So it makes sense that the jobs you’re targeting will need you to have some experience in your new field to be considered competitive.
Once you discover what you want to do next in your career, you may discover that you have skills that lend themselves nicely to your new career and you can create a career story that talks about how your skills as an HR professional make you a perfect candidate to be a corporate trainer, for example.
Or, you may realize that your passions are totally different from what you’ve been doing: you are a teacher and you really want to be a fighter pilot.
Whatever you discover, you’ll have more information about how much experience you’ll need to gain before you’ll be ready to make the switch.
There are lots of reasons why you can make a career change at 40, but what are the top tips for doing it? What do you really need to know?
Here are my top 5 tips to make your career change at 40 (or at any age) more successful.
1. Emphasize your life experience:
Even though you may be lacking industry experience, you still have a lot of time under your belt with building your work ethic, building your network, working with people, and more. Don’t let the fact that you’re a seasoned professional get flushed just because your career focus is shifting.
Especially in the age of information overload, where any answer is at your fingertips, and the right answer changes constantly, smart companies know that the right person for the job isn’t the person who has the most knowledge, but the person who has the ability to learn fast and be a creative problem solver.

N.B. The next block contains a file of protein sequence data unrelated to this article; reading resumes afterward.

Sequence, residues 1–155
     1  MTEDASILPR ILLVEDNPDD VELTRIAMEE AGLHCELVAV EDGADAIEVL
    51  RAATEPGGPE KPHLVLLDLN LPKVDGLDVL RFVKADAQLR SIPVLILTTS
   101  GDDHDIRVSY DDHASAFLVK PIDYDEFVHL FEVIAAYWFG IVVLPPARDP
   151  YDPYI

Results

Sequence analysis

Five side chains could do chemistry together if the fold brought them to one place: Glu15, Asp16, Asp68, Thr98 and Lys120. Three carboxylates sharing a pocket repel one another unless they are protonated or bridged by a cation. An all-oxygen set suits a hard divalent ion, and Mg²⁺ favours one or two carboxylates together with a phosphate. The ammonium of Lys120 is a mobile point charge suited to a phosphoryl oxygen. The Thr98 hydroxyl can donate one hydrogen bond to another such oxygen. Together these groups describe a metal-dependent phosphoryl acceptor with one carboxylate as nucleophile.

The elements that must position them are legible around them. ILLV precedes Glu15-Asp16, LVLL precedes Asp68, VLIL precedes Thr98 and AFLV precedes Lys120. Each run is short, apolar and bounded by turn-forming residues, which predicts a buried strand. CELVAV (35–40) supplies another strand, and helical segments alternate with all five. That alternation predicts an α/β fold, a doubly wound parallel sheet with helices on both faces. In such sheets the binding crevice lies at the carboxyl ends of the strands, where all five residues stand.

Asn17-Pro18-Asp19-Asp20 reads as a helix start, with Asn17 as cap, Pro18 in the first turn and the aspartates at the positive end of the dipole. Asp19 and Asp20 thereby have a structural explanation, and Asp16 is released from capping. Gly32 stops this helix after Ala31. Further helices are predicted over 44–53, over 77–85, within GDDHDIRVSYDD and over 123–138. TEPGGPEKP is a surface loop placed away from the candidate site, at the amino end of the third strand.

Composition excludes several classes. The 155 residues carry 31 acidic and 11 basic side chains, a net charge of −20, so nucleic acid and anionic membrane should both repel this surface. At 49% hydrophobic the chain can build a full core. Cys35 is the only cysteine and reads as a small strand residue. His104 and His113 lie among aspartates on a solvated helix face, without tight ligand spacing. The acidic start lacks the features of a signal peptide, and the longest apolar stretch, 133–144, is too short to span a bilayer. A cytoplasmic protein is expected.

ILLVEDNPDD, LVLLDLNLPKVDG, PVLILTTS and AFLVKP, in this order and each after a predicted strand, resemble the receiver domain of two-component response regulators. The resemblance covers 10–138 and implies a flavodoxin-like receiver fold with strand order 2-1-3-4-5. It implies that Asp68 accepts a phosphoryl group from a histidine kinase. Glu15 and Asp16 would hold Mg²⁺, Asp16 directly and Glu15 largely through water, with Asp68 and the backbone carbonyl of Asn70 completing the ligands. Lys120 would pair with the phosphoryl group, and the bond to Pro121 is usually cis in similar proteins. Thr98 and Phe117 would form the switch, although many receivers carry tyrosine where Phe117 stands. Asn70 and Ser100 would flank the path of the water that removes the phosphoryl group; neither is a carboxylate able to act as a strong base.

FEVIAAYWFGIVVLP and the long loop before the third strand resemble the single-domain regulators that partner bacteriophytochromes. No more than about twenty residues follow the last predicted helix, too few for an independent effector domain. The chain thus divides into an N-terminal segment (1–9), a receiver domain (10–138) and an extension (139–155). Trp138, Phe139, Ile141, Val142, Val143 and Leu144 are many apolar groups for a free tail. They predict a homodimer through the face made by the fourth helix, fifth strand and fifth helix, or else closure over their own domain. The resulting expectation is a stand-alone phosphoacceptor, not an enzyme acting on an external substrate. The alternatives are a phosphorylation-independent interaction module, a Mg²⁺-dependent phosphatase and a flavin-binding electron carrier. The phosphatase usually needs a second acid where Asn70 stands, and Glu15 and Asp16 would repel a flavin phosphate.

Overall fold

If that’s you, don’t let that fact get ignored.
Also, you have skills and talents that can be transferred from your current industry to your new one. Identify those transferable skills and write them down with the help of a killer resume writer. You’ll make a compelling case for why you’re the right person for the job and why the company should train you instead of hiring someone who isn’t right even though they’ve done the job before.
2. Entrepreneurship doesn’t care how old you are:
Whether you’re 22 or 42, if you’re thinking about starting your own thing, it doesn’t matter how old you are.
Being an entrepreneur is, in some ways, easier than ever. Technology is inexpensive, information is free, and if you have a good idea you can have unlimited income potential.
If you’re starting your own business, you may want to run it as a side gig to get it up and running and make sure the income is stable before quitting your job.
Also, some people worry that they won’t love their idea once it becomes a job, and you should figure out if this is true for you. You may decide you love your business idea or what you create, but you hate the “business” aspects of your business.
Test the waters before you jump in with both feet, but if you love it, the sky is the limit with your own business!
3. Get that experience!
Whether you have to take a night class, volunteer, or work a part-time gig somewhere for a while, if you’re serious about landing a position in a new field, you’re going to need some experience. You can even take on an adult internship. They are becoming more and more popular these days.